Disappointingly, in New South Wales a parliamentary inquiry into brothel regulation recommended an overhaul of the state's progressive laws on sex work. This included expanding police powers, introducing registration, and bringing in a licensing system.

Not surprisingly this has been slammed by sex industry advocates, who say such laws could push sex work back underground and leave workers vulnerable to police corruption. The government has six months to respond to the report, meaning potential changes could begin to be implemented from May 2016.

Down in South Australia a renewed push for sex work legalisation began earlier this year. At the moment SA has the country's most punitive laws, but in October a bill to decriminalise sex work was debated in parliament and turned over to a select committee. They're due to report back early next year, which could potentially lead to change.

Related: The Future of Sex According to VICE

Asylum Seekers

The government's focus on humanitarian migration in 2016 looks set on the 12,000 Syrian refugees it agreed to accept in September. The first families have begun to arrive, and the government has said the program will pick up pace in the coming months. There are reports that selecting and resettling the remaining refugees could take the whole of next year and as usual, information is being tightly withheld. Discussion of anything else on the refugee agenda also seems pretty remote.

Transport

In November South Australia hosted Australia's first driverless car trial. It clearly went well as the state recently introduced legislation to allow on-road trials. Several companies are already interested, and if passed, the legislation could see Australia's driverless car industry make big leaps in 2016.

One state over, there is good news for those of us who like staying up late, but hate paying for Ubers. From January 1 Melbourne will trial all-night public transport on weekends, becoming the only Australian city with 24-hour trains.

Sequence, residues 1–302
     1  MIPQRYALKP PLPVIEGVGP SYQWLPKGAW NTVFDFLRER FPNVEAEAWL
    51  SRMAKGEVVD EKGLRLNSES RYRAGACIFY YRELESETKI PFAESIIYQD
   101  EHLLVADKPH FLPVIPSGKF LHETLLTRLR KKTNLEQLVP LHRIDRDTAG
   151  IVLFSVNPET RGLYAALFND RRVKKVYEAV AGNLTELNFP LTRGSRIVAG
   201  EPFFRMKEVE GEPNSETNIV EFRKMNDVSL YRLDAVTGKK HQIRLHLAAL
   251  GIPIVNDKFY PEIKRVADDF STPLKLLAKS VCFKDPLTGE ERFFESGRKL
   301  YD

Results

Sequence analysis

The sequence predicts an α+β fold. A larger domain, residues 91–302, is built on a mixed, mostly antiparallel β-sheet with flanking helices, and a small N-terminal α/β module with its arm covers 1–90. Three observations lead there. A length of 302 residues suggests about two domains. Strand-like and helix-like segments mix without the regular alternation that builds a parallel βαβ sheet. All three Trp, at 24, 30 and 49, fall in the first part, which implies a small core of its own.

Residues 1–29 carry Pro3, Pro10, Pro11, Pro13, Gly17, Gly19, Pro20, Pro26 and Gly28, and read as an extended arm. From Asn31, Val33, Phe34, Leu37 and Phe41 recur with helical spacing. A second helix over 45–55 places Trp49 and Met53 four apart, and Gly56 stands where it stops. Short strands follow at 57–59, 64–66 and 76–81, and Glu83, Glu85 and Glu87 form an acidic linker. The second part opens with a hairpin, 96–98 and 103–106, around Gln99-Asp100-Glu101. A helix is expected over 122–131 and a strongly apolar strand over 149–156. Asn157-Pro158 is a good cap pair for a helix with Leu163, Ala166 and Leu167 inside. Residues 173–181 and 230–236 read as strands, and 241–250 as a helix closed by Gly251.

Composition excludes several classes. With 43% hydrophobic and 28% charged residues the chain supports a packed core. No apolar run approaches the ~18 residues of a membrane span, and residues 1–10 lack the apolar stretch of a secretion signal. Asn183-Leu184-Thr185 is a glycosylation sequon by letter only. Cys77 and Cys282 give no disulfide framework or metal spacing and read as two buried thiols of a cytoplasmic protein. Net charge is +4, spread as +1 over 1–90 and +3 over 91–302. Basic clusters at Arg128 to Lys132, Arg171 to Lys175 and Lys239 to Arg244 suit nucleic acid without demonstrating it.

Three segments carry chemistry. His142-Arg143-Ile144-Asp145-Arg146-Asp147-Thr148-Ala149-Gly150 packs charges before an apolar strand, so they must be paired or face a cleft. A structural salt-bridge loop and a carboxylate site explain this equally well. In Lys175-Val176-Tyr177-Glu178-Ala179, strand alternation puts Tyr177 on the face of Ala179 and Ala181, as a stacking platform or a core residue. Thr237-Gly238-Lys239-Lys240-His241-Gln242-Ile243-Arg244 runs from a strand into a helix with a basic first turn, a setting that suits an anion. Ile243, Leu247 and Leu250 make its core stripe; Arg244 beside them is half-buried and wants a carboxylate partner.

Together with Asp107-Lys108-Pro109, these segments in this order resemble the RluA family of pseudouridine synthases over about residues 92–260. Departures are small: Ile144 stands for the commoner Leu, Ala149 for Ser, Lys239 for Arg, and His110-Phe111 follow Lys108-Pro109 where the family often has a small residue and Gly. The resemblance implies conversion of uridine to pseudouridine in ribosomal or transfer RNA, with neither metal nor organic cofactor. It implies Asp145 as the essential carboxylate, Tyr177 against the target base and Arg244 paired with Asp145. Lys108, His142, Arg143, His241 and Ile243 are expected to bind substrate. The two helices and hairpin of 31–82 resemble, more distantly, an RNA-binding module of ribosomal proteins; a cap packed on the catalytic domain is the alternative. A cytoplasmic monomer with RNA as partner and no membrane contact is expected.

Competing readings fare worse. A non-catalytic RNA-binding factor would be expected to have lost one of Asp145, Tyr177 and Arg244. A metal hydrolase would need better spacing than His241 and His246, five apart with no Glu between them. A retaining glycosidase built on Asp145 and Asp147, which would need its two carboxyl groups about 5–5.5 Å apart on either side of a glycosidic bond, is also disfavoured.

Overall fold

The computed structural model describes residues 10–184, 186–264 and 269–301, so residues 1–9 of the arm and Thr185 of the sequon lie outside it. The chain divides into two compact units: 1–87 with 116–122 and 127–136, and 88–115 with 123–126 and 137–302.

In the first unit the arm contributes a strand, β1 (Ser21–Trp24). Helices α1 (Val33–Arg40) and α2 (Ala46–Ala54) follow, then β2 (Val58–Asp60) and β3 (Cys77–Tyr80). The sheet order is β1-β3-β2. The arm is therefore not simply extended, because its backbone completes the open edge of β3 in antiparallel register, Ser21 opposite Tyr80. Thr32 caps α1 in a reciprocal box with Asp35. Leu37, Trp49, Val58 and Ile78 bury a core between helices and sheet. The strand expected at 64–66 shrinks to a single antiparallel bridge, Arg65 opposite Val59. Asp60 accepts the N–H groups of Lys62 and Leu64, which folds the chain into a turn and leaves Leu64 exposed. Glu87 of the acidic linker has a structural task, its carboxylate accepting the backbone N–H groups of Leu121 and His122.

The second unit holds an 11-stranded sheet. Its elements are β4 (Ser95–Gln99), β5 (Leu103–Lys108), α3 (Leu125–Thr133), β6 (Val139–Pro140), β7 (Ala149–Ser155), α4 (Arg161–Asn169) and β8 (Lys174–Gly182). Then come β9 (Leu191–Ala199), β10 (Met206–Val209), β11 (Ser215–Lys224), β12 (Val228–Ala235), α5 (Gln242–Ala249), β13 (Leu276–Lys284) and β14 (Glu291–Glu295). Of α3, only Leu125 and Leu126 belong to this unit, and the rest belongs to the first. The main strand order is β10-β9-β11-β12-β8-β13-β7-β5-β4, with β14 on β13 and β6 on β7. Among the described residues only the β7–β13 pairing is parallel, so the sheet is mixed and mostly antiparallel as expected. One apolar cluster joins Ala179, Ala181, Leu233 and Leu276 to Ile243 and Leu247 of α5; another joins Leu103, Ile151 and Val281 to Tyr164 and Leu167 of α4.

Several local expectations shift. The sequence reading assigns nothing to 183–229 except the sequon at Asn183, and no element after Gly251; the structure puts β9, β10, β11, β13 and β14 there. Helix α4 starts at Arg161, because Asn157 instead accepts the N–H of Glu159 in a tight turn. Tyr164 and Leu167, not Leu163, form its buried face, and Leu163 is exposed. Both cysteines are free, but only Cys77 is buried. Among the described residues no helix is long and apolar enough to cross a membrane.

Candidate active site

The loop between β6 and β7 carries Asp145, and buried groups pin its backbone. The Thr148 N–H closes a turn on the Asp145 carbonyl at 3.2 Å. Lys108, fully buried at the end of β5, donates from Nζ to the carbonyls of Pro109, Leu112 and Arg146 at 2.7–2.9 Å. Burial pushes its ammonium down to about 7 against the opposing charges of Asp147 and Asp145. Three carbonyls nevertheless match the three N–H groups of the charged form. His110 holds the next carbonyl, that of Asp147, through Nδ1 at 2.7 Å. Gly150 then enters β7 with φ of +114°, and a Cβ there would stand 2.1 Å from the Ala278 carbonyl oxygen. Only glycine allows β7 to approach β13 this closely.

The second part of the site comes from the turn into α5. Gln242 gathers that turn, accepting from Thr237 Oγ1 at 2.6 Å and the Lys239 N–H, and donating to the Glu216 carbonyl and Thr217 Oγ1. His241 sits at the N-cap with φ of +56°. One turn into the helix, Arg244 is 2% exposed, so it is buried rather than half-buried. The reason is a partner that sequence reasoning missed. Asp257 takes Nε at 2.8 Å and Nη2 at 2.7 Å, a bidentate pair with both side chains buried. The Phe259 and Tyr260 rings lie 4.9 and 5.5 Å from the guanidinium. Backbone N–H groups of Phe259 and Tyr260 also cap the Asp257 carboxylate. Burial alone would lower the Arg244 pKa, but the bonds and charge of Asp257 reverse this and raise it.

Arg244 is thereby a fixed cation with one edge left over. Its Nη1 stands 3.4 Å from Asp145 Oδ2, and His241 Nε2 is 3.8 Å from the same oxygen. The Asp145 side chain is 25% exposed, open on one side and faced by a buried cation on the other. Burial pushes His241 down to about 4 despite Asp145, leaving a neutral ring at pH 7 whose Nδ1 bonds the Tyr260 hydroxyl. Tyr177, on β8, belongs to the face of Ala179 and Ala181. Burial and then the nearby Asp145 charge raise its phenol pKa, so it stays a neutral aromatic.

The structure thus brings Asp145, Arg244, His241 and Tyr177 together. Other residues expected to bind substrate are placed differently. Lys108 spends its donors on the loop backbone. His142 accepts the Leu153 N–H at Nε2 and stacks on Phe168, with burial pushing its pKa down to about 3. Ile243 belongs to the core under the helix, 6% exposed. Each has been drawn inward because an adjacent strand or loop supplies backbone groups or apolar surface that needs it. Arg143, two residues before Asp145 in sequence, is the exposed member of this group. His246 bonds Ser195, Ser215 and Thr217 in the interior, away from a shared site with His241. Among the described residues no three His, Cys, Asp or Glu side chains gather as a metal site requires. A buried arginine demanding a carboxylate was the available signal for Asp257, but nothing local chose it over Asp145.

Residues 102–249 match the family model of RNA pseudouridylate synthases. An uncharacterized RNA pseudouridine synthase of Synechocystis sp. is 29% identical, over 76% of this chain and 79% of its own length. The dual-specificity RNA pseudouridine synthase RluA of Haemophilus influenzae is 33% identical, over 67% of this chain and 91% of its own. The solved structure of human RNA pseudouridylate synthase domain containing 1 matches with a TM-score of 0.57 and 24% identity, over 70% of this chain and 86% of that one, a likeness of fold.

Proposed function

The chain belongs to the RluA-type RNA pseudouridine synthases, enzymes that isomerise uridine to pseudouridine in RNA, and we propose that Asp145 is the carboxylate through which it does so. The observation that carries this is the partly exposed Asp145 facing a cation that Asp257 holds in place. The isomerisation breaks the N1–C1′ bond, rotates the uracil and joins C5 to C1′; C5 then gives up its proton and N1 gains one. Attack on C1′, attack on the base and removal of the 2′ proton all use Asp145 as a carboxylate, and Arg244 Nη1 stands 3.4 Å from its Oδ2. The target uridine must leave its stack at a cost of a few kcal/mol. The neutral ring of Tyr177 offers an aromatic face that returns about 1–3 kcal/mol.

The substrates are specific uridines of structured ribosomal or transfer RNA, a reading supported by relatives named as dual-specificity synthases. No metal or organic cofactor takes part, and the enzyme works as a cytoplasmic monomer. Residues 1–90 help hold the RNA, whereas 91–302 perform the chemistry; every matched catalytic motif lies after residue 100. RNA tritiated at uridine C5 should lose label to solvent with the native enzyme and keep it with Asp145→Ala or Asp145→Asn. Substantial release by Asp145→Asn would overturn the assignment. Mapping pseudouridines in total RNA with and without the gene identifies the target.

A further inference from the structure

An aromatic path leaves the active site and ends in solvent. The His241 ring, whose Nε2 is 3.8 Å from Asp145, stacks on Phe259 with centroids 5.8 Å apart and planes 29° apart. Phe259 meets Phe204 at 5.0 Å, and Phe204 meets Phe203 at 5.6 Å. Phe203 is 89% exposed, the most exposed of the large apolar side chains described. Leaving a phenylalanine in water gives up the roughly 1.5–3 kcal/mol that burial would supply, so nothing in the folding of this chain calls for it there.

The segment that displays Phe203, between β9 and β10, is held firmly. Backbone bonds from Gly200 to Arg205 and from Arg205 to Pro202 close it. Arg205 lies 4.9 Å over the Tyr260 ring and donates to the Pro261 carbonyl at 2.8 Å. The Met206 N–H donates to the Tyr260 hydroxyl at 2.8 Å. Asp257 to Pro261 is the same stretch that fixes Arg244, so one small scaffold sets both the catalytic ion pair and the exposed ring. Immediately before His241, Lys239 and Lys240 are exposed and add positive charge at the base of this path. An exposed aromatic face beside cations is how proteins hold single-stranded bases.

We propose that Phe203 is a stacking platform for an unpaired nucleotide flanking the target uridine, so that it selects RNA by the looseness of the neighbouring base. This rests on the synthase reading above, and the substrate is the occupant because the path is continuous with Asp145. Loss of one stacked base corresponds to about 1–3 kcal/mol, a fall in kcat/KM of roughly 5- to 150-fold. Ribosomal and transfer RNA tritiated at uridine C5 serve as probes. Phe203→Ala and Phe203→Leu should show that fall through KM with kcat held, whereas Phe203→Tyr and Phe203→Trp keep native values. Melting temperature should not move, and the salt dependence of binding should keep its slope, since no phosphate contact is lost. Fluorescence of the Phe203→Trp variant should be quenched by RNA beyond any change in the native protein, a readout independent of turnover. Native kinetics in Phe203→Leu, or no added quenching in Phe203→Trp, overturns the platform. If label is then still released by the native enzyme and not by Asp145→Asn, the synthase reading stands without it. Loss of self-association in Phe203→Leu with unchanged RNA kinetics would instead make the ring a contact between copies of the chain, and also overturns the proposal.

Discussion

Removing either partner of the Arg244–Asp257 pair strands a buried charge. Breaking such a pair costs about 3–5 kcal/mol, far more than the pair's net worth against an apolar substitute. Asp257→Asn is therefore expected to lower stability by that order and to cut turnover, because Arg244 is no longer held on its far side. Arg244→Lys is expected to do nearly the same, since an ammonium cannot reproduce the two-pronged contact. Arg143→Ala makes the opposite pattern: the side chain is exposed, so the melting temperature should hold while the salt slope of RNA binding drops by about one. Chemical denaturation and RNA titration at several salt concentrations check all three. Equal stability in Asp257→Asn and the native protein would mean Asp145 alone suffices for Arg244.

The Environment

There are some small rays of hope on the energy and climate front for 2016. Prime Minister Turnbull just lifted the wind power investment ban set by Tony Abbott, marking his first big move away from the former government's environmental policy.

Encouragingly, Australia was one of nearly 200 countries to sign the Paris climate deal on the weekend. It's legally binding, so countries must submit plans to cut emissions every five years. The deal will put pressure on Australia to step up the current emissions reduction target. And, big surprise, it looks like we'll also have to ditch coal eventually.

But remember, this is Australia and we can never just do something chill for the environment. Foreign Minister Julie Bishop is already talking about balancing economic and environmental outcomes, and not damaging the economy. The government has additionally said it's still committed to coal, so it sounds like any change will come in pretty small steps.

Counter-terrorism

The government seems to be using the last stretch of 2015 to enforce tougher counter-terrorism legislation heading into the new year. Earlier this month new laws were passed to strip dual citizenship from militants and convicted terrorists, and plans to jail convicted terrorists indefinitely are being discussed by state and territory leaders.

President of the Australian Human Rights Commission Gillian Triggs used her last speech of the year to voice concern over the country's new counter-terror laws and how fast they're being introduced.

Will I Find My Dad?

This is actually a big maybe, assuming you were the product of a sperm donor in the 70s and 80s. A controversial bill to overhaul sperm donor anonymity will be debated in Victorian parliament in coming weeks. If the legislation passes, it would allow people conceived through donors access to the name and birthdate of the donor, whether or not consent is given. If you find him, tell him we say hi.